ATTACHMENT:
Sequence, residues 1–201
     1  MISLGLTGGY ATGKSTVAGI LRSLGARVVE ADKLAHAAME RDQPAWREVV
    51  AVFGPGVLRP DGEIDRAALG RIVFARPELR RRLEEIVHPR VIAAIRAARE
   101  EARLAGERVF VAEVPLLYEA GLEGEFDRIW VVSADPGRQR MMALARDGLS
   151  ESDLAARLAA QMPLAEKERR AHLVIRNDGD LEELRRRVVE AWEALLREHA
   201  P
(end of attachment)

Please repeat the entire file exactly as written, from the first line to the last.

Sequence, residues 1–201
     1  MISLGLTGGY ATGKSTVAGI LRSLGARVVE ADKLAHAAME RDQPAWREVV
    51  AVFGPGVLRP DGEIDRAALG RIVFARPELR RRLEEIVHPR VIAAIRAARE
   101  EARLAGERVF VAEVPLLYEA GLEGEFDRIW VVSADPGRQR MMALARDGLS
   151  ESDLAARLAA QMPLAEKERR AHLVIRNDGD LEELRRRVVE AWEALLREHA
   201  P